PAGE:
500 winner Trevor Bayne has been allowed to leave hospital in Minnesota after spending a week at the Mayo Clinic
for a series of tests and consultations over the course of a week.
Bayne revealed the news first on his Twitter feed, when he posted "finally going back to NC today! Waiting patiently to get better! Thanks everyone!" on Thursday morning before the official press release confirming he had been allowed home.
However it does not appear that the week of evaluation has brought a definite diagnosis of the cause of Bayne's symptoms of nausea, fatigue and vision impairment, and the clinic says that further assessments will be needed.
"Trevor Bayne was seen by a team of Mayo Clinic specialists where he underwent a series of tests and consultations over the last week,” said Mayo Clinic neurologist Brian Crum, M.D. "This symptom appears to be the result of an inflammatory condition. Further assessments will be made over the next couple of weeks."
Although the nausea and fatigue have abated, the visual impairment continues to be a factor although it is said to have shown considerable improvement after being treated by medication. Dr Crum stressed that "His condition is not life threatening or career-ending. We expect he will continue to improve."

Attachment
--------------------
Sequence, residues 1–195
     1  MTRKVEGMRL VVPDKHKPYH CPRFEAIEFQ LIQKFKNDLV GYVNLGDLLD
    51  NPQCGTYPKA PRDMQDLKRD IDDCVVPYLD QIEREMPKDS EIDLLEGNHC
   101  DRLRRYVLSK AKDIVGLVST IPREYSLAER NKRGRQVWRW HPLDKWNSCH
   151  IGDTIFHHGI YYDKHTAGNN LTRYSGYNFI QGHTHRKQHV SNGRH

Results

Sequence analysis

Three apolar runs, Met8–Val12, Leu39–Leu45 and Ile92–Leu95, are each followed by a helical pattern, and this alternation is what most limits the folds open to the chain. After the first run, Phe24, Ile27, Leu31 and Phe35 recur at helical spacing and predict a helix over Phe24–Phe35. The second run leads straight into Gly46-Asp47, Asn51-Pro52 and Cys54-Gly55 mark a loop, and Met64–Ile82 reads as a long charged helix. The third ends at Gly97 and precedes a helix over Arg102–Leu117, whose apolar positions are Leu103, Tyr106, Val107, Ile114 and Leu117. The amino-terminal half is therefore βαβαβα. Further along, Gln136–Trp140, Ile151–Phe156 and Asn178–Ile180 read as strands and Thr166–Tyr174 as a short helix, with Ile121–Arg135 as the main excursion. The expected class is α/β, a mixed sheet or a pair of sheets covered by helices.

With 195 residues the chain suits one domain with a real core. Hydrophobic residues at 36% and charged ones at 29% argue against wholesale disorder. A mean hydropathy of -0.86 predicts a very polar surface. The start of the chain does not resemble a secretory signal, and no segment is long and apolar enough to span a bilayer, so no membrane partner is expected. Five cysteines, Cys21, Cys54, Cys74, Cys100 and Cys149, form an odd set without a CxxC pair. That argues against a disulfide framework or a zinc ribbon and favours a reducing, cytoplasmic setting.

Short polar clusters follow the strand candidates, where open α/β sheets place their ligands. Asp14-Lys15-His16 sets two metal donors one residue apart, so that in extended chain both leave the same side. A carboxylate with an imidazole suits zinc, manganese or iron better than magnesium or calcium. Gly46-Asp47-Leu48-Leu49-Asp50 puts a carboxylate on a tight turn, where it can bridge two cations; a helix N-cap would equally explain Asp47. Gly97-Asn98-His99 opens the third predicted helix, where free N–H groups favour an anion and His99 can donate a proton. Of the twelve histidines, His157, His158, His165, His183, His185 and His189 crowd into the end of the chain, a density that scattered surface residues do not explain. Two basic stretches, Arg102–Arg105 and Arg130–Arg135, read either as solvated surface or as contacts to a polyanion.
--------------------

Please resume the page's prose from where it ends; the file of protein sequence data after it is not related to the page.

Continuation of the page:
In the circumstances, however, the vision problem does mean that Bayne can't go racing and speeds of nearly 200mph until it has fully cleared up, and the Roush Fenway team has confirmed that 18-year-old Roush Fenway development driver Chris Buescher will once again replace Bayne behind the wheel of the #16 at this Friday's Nationwide series event at Darlington after completing an incident-free run to 17th standing in for Bayne at short notice at Richmond last week.
It's unknown whether Bayne will be declared fit to race for next week's race at Dover International Speedway, or for his next scheduled appearance with the Sprint Cup series in the the All-Star Race in Charlotte on May 21. Bayne qualified for the All-Star competition with his shock Daytona
500 upset win in February.
"The timeframe for his return to racing is unknown at this point," said Dr Crum. "He will continue to be followed closely by his Mayo Clinic team."